I am not directly involved in either of those organizations. I listen to the public radio station because I like the music it broadcasts. I could easily get away with not contributing because there is no way for the station to know that I use their services. I am just one supporter of the private charity; they would certainly survive without my contributions. I contribute to both because of the positive effects that it has in my life. I enjoy knowing that I am part of the good work done by those organizations.

My part in both is so small as to be insignificant to the organizations, but my participation is a big deal in my life. I enjoy knowing that I support a broadcast service that entertains me, and I enjoy knowing that I support a charity that serves the needs of society. These might seem like small satisfactions, but they make a difference to me.

Why should you participate in the construction of two parochial schools and the renovation of the major Seminary? Why should you contribute to the tuition assistance program in the Diocese? I would suggest to you that doing so might have positive effects in your life; you might find real satisfaction from being involved in good work that does not touch your life directly. Most of all, your sacrifice is a service, and an example, to your fellow believers.

Generosity is the sort of thing that we do for its own sake. Regardless of the recipient, our generosity is first and foremost an expression of who we are and what we value. Some people contribute to the parish in response to what they perceive as a need, either their own or the parish’s. Others contribute because they believe in, and value, what the parish does; these are the ones who are most generous and who find the greatest reward in giving.

Contributing to the Forward in Faith campaign is an opportunity to give expression to the best parts of your personality; it’s an opportunity to be generous solely for the sake of doing good. I’d like to thank those who have already contributed, and I ask those who have not done so please to consider it. As I’ve said, there is no obligation on your part to contribute, but perhaps there is an opportunity for you to be a part of a project that does good for others. A number of families from All Saints have contributed already to Forward in Faith; theirs is an example worth emulating.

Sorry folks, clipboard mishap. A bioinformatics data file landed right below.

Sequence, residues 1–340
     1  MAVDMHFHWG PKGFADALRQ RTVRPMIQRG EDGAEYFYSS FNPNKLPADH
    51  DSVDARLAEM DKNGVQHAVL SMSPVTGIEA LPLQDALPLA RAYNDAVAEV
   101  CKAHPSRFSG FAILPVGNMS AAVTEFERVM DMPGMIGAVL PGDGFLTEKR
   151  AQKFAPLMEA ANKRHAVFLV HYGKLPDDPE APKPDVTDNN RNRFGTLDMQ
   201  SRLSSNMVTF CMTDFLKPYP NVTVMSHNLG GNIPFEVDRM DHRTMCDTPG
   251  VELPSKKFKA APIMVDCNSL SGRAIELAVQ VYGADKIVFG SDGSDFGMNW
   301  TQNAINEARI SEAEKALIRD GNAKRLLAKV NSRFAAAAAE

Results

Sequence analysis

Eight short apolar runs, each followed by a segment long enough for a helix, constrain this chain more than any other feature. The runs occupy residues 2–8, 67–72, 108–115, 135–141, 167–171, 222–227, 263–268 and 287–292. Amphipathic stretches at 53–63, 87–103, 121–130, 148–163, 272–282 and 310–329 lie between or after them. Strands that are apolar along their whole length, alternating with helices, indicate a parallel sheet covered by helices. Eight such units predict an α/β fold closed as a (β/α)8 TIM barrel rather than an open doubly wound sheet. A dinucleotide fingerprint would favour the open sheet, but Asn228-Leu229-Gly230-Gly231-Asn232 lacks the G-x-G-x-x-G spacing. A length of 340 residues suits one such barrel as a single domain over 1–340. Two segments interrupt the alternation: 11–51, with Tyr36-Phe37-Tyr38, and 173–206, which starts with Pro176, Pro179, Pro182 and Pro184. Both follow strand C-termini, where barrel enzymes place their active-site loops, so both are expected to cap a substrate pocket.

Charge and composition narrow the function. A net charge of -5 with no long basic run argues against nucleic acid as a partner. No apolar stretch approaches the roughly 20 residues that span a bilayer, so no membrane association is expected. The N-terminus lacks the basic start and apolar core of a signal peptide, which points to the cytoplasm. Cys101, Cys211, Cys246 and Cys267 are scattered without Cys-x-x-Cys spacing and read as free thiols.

The ushers will bring the collection baskets around again; please place your completed pledge card in the basket. Please turn in a completed pledge card even if you are not making a pledge; a negative response is a valid response, and helps the parish by demonstrating your participation. There will also be personalized pledge cards available after Mass. Please don’t hesitate to approach me after Mass if you have any questions about this. Thanks, again, for your attention and participation.

2 thoughts on “26th Sunday in Ordinary Time – September 28, 2014

  1. I always enjoy your homilies..but I’d like to sneak a question in…does the Church recognize the sin of Presumption?…and what exactly is meant by it?

  2. As far a I know, the sin of presumption is not mentioned in the Catechism of the Catholic Church published by John Paul II. In neo-scholastic morality, the sin of presumption was defined as a kind of moral laziness that led a person to expect salvation, or the forgiveness of sins, to happen without any effort made to cooperate with God’s Grace or to repent of actual sin. Recent sociological research about the state of religious belief in the United States indicates that most of contemporary society practices such presumption as a central tenet of their religious beliefs. This widespread normalization of presumption is closely associated with another phenomenon: the belief in a God who is either distant from the world or is an anonymous spiritual power. In comparison, the Hebrew and Christian Scriptures portray God as intensely interested in historical events, and as having an unique personal identity. These two divine attributes, God’s relationship to the world and God’s nature, are intimately interconnected. Jesus said, “My mother and my brothers are those who hear the word of God and act on it.” (Luke 8:21) In other words, the saved are those who know and love the God who speaks through the Sacred Scriptures.

Comments are closed.